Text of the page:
Repeat, Repeat, Repeat (Then Check)


Drill, drill, drill


So many times I have mentioned the fact that:

‘Practice does not make perfect, it is only Perfect practice that makes perfect’


And with this in mind I bring your attention to our Forms and the practice of, or should I say, the Perfect practice of.


It’s certainly the best thing to drill during a lockdown, but Why do we drill these Forms so much?


The answer is simply so that we develop an understanding of body mechanics and muscle memory, so that if we ever need to use these techniques (or reactions), we quickly get to where we want to be and we do not overcommit when doing so.


One of my students, Sifu James Paylor (while teaching one of our livestream classes last week) referred to a wonderful phrase use in the Leeds College of Music:

‘You do not practice until you get it right, you practice until you cannot get it wrong’


In my opinion Forms need to be perfect, applications however can (and should) be open to interpretation, and when you do come up with something new or interesting, show it to your teacher, share this experience so that we all learn together.

Get your teachers perspective on your ideas and question anything you are unsure of:

Providing of course you are able to do so?


It is expected that you should respect your teacher, and why not?

They are about to share so much with you through their knowledge, care, time, support, friendship and guidance.

Plus, if a student does not respect me then why on earth would I respect them?


Ok so the rent still needs paying, but not to the degree that you put up with rude behavior or a problem student ruining it for all the rest as the proverbial Bad apple.


Now when I refer to a problem student I am not talking about those who find it difficult to pick things up, or those who are not grade A students from day one, gifted with a naturally flow and aptitude, no, getting rid of these students would be the problem of the teacher NOT the student.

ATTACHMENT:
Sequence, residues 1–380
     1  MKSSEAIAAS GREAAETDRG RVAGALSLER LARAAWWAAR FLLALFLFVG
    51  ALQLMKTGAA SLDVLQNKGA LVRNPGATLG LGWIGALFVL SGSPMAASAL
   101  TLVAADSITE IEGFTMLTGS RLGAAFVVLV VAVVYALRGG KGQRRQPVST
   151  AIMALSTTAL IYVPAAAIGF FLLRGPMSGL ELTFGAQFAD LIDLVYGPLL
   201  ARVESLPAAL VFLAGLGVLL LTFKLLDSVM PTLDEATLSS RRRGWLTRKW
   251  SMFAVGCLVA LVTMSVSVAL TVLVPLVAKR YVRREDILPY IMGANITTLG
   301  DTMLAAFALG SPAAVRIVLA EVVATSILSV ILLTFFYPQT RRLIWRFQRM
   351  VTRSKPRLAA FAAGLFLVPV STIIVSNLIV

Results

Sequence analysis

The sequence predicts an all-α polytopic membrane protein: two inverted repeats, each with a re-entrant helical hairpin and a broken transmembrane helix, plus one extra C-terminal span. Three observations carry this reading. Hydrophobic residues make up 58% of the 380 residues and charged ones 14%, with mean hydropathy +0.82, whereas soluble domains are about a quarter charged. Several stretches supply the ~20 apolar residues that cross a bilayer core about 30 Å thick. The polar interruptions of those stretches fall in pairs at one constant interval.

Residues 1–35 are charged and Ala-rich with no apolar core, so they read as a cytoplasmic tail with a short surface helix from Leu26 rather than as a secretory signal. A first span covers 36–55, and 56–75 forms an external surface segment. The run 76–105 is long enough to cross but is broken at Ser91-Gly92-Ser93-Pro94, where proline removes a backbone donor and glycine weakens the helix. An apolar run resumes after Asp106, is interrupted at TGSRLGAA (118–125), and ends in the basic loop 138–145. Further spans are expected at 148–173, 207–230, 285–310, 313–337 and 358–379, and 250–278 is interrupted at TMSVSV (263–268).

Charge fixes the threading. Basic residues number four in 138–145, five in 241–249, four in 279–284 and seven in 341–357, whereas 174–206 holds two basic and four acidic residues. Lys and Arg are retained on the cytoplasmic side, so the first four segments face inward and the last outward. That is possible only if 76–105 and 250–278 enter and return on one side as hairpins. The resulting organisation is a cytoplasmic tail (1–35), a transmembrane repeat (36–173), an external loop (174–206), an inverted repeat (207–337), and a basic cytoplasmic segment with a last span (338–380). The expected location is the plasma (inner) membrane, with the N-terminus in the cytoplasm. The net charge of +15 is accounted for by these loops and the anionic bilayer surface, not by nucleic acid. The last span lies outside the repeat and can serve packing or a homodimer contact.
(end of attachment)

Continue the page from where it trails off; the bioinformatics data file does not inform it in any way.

I’ve always been a little miffed by schools such as RADA, Oxford, Cambridge, Harvard and the like, ‘Schools of excellence’ as they would refer to themselves as.

Well of course they are!

Because you’ve got to be a bloody genius to get in the damn place!


A school of worth to me is a place where they take someone who is as thick as a church door and then turn THEM into a genius.


And this is done by not only allowing them to ask questions, but also to encourage it, because the more you understand HOW something works, the more you’re going to make it work for you.


So respect your teacher but not so much that you dare not ever ask questions.

Oh, and there is a world of difference between:

‘Asking questions to your teacher and questioning your teacher.’


The man I have the most respect for in the world

My Sifu and my friend, Master Ip Chun


Do be respectful and be courteous but at the same time remember this is a journey you are taking together, so let’s make it an enjoyable one, and you will find it a rewarding one too.


The Japanese have a saying:

“Respect your Elders, but have compassion for your Youngers”


Basically this means that this works both ways, respect should be earned and not forced, as forced respect is false respect.


Shouting at students, demanding the just do what they are told and never to question the teacher, to me, gives off warning signs that maybe the teacher is worried that one day they may have to teach.


Curiosity is a wonderful thing and should be nurtured, remember you are training your mind as well as your body, so do not deny it’s development through fear of asking a silly question.


To me, no question is silly if you truly wish to know its answer.


Confucius said:


“The man who asks the question may be a fool for a minute,

the man who does not ask the question is a fool for a lifetime.”



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